Wednesday 7 December 2016

Shaming campaigns can get innocent people caught on camera

TJ McIntyre

Published 20/04/2016 | 02:30

'While the general rule is that there should be notices warning that CCTV is in operation, even covert surveillance can be justified as a
short-term and focused measure in areas where a crime is likely to be carried out.'
'While the general rule is that there should be notices warning that CCTV is in operation, even covert surveillance can be justified as a short-term and focused measure in areas where a crime is likely to be carried out.'

Dublin City Council was in the headlines in recent days for its new tactic against littering: putting up a large poster of people captured on CCTV illegally dumping in the north inner city.

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While the photos were blurry due to the quality of the footage, the people involved could be recognised. According to the council, within hours they had been contacted by one of the people pictured, and dumping had stopped within a day of the poster going up. This might sound like a success story, but there's one drawback: this approach is legally risky and very probably in breach of data protection law. Using CCTV to prevent littering isn't itself a problem. Illegal dumping is a crime and using CCTV to detect and prosecute it will normally be a proportionate response.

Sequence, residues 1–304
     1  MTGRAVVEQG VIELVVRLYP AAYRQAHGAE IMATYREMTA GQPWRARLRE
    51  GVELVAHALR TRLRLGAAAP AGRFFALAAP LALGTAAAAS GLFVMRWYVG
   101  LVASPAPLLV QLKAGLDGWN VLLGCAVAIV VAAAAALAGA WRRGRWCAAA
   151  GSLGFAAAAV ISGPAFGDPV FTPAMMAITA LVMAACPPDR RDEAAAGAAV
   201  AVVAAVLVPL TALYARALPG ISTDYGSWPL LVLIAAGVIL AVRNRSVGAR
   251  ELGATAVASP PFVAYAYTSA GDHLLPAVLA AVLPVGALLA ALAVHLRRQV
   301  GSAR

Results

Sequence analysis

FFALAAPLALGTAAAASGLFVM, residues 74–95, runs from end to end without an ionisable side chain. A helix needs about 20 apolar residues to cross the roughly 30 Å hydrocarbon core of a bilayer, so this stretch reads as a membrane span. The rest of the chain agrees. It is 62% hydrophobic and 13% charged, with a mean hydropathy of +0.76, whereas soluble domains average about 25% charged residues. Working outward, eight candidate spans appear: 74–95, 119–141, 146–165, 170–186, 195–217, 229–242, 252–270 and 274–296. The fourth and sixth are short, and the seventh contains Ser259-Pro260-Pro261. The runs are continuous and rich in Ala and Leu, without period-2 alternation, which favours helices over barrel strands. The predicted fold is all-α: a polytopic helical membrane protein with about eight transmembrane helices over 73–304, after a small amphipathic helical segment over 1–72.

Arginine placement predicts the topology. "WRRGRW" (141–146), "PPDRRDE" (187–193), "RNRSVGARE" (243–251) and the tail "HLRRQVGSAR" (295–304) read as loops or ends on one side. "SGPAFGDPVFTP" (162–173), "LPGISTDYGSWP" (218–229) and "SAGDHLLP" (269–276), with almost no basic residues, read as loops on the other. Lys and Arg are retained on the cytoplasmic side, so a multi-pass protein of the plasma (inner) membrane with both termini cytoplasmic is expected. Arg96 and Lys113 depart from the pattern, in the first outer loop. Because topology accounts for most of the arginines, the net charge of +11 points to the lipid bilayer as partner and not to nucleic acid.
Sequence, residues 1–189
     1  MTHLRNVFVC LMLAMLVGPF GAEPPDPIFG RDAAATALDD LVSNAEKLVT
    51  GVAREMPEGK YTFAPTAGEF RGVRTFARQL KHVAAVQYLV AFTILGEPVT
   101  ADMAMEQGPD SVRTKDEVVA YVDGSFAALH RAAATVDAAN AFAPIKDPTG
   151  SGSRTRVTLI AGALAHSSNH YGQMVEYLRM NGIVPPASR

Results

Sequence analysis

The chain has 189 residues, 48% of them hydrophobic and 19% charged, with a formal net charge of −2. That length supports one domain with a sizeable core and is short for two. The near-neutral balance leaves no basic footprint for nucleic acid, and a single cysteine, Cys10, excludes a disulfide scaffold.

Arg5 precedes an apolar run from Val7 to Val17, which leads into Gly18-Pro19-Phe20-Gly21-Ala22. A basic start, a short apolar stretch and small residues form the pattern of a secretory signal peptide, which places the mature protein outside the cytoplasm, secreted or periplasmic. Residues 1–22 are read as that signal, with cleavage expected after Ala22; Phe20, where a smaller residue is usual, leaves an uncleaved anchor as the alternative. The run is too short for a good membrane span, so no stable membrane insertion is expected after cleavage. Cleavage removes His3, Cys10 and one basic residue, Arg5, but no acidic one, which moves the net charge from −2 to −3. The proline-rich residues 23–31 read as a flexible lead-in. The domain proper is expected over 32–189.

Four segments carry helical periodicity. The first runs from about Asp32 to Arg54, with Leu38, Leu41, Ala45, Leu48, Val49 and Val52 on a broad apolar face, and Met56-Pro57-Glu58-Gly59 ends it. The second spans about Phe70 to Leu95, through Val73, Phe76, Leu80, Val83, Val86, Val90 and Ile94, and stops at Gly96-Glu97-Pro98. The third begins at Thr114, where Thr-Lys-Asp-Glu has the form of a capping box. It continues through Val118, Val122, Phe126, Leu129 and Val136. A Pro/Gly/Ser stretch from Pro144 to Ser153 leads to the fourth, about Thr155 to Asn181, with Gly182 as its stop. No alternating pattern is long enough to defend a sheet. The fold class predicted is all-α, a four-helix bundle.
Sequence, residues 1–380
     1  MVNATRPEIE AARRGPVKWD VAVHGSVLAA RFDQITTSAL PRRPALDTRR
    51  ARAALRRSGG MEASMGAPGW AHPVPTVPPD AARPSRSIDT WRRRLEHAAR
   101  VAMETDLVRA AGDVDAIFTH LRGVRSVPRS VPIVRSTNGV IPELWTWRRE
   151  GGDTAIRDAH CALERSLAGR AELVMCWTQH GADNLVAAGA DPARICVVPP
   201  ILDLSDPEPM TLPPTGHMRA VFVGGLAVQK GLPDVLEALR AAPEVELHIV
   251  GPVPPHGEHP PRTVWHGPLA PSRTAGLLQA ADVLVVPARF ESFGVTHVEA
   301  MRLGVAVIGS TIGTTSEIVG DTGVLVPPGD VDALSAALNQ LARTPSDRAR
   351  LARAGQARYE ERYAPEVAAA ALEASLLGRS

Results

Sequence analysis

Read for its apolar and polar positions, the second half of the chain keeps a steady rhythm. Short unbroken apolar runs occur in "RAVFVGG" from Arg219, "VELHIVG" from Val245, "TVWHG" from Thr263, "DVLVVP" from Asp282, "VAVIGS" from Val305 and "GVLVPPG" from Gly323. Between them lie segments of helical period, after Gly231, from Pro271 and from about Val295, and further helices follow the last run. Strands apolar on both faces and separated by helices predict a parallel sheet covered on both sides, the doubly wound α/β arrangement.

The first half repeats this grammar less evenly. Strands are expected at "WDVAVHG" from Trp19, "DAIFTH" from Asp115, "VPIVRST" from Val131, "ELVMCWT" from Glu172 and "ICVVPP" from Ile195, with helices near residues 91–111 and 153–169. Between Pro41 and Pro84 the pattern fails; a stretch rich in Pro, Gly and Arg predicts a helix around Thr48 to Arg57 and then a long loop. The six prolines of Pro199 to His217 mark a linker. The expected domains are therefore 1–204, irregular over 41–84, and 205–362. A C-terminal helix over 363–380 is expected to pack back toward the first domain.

While the general rule is that there should be notices warning that CCTV is in operation, even covert surveillance can be justified as a short-term and focused measure in areas where a crime is likely to be carried out.

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